Cases of hypothyroidism are becoming more and more common nowadays. Hashimoto’s thyroiditis is one of the most common causes of hypothyroidism. And, it is an autoimmune condition. Normally, the body’s immune system protects it from bacteria and viruses by producing antibodies to attack them. In Hashimoto’s thyroiditis, the immune system cells of the body mistakenly attack the thyroid gland cells and cause inflammation. It causes a decrease in the number of functional thyroid gland cells and symptoms similar to an underactive thyroid.

This is a progressive condition and it progresses very slowly to total damage to the thyroid gland.


Who Is At Risk of Getting Hashimoto’s Thyroiditis?

  1. Women are more prone to developing Hashimoto’s thyroiditis than males.
  2. If you have a family history of Hashimoto’s thyroiditis, there are chances that you may get it too.
  3. It is commonly observed in middle-aged women. It is commonly noticed that females develop Hashimoto’s after their pregnancies. However, children can get it too.
  4. Having one autoimmune condition makes you prone to develop another autoimmune condition. So, if you have Rheumatoid arthritis or Lupus or any other autoimmune disease, it is likely that you could also develop Hashimoto’s thyroiditis.
  5. The patients of Hepatitis C could develop Hashimoto’s thyroiditis.


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What Are the Symptoms of Hashimoto’s Thyroiditis?

Initially, the patient experiences symptoms of hyperthyroidism followed by sub-clinical hypothyroidism and then full-blown hypothyroidism.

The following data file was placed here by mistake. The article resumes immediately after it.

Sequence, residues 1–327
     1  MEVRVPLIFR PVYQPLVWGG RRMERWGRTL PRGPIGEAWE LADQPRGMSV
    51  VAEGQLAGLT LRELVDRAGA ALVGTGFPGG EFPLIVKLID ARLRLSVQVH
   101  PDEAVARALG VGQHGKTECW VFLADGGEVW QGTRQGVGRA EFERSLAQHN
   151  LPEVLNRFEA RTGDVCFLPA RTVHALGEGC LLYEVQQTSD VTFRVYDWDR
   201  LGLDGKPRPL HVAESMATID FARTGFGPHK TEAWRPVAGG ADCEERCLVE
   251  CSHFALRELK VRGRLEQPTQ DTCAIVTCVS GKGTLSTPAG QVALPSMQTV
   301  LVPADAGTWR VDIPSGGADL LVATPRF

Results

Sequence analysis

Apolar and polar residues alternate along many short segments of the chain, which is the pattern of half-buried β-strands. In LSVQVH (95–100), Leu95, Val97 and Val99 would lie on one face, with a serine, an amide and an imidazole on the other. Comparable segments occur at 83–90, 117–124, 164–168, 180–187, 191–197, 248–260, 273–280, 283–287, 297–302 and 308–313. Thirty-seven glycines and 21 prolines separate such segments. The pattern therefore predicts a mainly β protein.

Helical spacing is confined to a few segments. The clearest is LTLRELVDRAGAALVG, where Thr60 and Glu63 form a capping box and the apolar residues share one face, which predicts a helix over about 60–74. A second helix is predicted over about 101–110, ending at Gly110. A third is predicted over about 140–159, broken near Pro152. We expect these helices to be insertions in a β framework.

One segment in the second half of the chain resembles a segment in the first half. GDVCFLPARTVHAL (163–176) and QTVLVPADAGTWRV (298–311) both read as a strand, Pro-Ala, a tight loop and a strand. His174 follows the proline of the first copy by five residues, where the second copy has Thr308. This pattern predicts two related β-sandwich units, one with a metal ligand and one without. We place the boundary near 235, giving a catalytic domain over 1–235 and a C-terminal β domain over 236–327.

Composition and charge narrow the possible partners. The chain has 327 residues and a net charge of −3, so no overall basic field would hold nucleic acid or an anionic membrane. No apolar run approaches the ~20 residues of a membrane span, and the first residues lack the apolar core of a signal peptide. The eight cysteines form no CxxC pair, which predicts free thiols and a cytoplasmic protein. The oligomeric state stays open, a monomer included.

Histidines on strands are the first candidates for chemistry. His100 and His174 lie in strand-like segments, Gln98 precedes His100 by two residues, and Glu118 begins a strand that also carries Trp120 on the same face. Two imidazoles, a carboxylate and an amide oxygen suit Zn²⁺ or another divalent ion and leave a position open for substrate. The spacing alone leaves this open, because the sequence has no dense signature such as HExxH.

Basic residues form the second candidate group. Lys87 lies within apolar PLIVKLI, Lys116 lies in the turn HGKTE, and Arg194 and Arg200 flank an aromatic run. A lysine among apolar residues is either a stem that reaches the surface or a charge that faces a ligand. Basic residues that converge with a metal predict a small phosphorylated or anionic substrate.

1. Hashitoxicosis: In the initial stage of Hashimoto’s thyroiditis, the immune system cells attack the thyroid gland cells causing inflammation. This causes damage to the thyroid gland cells, thereby making them release thyroid hormones in the blood. The levels of thyroid hormones in the blood increases and the patient experiences symptoms of mild to moderate hyperthyroidism. The symptoms include:
  • Heat intolerance
  • Increased sweating
  • Increased appetite
  • Increased frequency of the stools or loose motions
  • Tremors
  • Difficulty in sleeping
  • Tiredness
  • Weight loss
  • Palpitations and increased heartbeats
  • Changes in the mood


This stage lasts from a few weeks to a couple of months as the patient gradually goes to sub-clinical hypothyroidism and then to hypothyroidism.


  1. B. Sub-Clinical Hypothyroidism: In sub-clinical hypothyroidism, the TSH levels are slightly raised but the thyroid hormone levels are in the normal limits. The patient might not experience any symptoms at this stage.
  2. C. Hypothyroidism: As the inflammation and damage to the thyroid gland cells continue, the person gradually develops hypothyroidism. The symptoms of hypothyroidism resulting due to Hashimoto’s thyroiditis are the same as that caused by an underactive thyroid. The patient may experience:
  • Weight gain
  • Sleepiness
  • Cold intolerance
  • Tiredness and lethargy
  • Dryness of the skin
  • Hair loss
  • Slow heart rate
  • Hoarseness of the voice
  • Puffiness of the face
  • Enlargement of the tongue
  • A loss of appetite
  • Constipation
  • Menstrual irregularities and heavy menses
  • Infertility
  • Swelling over the legs
  • Forgetfulness
  • Mood changes, particularly depression
  • Increase in cholesterol levels
  • It may cause goiter in the later stages.


How Does the Doctor Diagnose Hashimoto’s Thyroiditis?

  • Your doctor will take a detailed history from the time of the onset of your symptoms, the history of illness, and a family history of thyroid problems or any other autoimmune condition.
  • Also, the doctor will suggest certain blood tests like thyroid profile which includes T3, T4 and TSH, thyroid antibodies, and lipid profile.